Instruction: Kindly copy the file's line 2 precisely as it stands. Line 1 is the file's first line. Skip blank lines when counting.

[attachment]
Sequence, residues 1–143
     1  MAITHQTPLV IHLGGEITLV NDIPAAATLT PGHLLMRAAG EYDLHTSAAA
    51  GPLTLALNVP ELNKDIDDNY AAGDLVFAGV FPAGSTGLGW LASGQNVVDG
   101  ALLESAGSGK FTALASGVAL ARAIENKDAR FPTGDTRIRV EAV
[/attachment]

     1  MAITHQTPLV IHLGGEITLV NDIPAAATLT PGHLLMRAAG EYDLHTSAAA